Misclassifying an employee as a subcontractor can end up costing you more in fines and penalties than you would have paid if they were classified correctly. This makes it imperative that you make the right classifications. Here are some tips to do that.

Determine the Business Relationship 

First, you need to determine the business relationship that exists between you and the person performing the services including your degree of control over them and their independence. The IRS provides these three categories to provide evidence of that control or independence. 

  • Behavioral: Does the company control or have the right to control what the worker does and how the worker does his or her job?
  • Financial: Are the business aspects of the worker’s job controlled by the payer? (these include things like how the worker is paid, whether expenses are reimbursed, who provides tools/supplies, etc.)
  • Type of Relationship: Are there written contracts or employee type benefits (e., pension plan, insurance, vacation pay, etc.)? Will the relationship continue and is the work performed a key aspect of the business?

#2 - Get Subcontractor Insurance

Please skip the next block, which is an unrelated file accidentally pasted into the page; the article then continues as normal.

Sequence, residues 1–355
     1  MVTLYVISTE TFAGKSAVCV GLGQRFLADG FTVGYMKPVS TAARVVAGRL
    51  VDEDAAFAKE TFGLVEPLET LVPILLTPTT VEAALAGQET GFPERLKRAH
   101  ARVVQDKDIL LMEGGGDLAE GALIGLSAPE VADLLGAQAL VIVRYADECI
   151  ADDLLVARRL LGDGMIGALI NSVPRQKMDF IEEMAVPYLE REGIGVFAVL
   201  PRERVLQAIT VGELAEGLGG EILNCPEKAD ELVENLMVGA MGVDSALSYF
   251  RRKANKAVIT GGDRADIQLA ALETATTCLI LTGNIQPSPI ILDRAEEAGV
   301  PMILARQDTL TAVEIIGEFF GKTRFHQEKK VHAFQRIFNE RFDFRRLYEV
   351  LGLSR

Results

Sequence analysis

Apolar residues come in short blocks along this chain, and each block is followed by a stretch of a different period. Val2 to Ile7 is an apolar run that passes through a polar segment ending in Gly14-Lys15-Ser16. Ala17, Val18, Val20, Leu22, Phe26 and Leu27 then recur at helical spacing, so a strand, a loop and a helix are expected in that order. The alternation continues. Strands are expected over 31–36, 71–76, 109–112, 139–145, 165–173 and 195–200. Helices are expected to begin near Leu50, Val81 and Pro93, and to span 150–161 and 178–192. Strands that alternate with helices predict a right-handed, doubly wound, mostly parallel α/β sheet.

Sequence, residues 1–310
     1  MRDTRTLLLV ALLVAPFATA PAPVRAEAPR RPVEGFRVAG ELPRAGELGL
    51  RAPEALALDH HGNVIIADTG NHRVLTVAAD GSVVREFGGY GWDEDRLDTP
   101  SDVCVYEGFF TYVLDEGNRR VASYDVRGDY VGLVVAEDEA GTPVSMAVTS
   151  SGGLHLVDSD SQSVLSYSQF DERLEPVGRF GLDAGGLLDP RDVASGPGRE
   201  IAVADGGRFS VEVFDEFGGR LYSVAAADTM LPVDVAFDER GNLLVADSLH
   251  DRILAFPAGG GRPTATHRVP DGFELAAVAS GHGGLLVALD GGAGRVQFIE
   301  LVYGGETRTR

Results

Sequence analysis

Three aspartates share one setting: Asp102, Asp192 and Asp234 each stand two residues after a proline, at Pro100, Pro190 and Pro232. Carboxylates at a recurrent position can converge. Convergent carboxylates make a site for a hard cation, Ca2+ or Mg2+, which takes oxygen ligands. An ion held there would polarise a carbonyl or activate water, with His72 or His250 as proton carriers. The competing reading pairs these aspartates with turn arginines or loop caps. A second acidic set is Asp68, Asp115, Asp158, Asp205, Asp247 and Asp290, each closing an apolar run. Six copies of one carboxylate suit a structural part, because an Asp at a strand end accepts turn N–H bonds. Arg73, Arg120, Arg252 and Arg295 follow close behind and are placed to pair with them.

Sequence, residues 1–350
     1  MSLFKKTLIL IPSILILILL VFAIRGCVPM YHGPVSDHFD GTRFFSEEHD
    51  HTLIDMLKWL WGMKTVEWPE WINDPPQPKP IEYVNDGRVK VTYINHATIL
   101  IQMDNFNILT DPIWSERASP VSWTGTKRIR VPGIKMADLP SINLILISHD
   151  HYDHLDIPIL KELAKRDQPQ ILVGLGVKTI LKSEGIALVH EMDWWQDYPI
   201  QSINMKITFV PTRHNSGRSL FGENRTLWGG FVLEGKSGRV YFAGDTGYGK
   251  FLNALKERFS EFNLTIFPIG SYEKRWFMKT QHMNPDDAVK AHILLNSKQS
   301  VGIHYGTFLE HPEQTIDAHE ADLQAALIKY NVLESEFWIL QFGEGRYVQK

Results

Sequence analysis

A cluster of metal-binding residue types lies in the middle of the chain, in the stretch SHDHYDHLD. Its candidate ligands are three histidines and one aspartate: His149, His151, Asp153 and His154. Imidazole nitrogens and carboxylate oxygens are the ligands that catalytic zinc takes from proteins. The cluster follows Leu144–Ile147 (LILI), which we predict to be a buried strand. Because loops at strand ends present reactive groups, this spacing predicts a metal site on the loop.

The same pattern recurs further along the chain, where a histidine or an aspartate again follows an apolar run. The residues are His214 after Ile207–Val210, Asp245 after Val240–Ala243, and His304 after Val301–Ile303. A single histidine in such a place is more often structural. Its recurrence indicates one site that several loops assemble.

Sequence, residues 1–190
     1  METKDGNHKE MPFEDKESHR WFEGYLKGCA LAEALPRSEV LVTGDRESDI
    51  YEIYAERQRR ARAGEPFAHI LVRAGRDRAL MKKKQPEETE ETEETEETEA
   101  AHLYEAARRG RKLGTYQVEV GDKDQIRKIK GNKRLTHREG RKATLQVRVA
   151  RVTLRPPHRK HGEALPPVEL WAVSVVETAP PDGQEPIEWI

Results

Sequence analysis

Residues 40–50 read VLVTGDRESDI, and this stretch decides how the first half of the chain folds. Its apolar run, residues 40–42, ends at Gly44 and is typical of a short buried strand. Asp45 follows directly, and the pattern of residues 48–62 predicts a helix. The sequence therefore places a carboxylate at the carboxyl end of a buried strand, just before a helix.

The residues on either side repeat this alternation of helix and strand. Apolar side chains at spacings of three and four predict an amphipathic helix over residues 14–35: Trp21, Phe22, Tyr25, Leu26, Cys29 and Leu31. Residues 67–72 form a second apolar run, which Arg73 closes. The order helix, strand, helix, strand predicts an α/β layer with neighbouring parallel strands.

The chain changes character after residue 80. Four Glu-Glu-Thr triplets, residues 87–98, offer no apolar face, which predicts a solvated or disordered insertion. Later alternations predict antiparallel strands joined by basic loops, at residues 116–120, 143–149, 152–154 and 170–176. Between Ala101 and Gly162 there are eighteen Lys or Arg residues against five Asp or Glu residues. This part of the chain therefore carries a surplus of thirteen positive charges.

If you have determined that you are dealing with a subcontractor and not an employee, you do not need to worry about workers’ compensation insurance; however, you still face risks. Don’t assume that your contractor’s liability insurance will cover you in the event that a subcontractor’s work causes damage or injury. Damages caused by individuals other than your employees are excluded in many general liability policies.

Your first step is to make sure that all of your subcontractors have their own general liability coverage that is adequate to cover any injuries or damage. Have them to provide a certificate of insurance as proof. The International Risk Management Institute (IRMI) suggests the following minimum general liability insurance limits for subcontractors:

  • $1,000,000 each occurrence (the combined single limit for bodily injury and property damage);
  • $1,000,000 for personal and advertising injury liability;
  • $1,000,000 aggregate on products and completed operations;
  • $2,000,000 general aggregate.

#3 - Get Listed as an Additional Insured 

You should also make sure that your subcontractors include you as an additional insured on their commercial insurance policy to protect you against their negligence.

 

Be Prepared - Contact Us Today!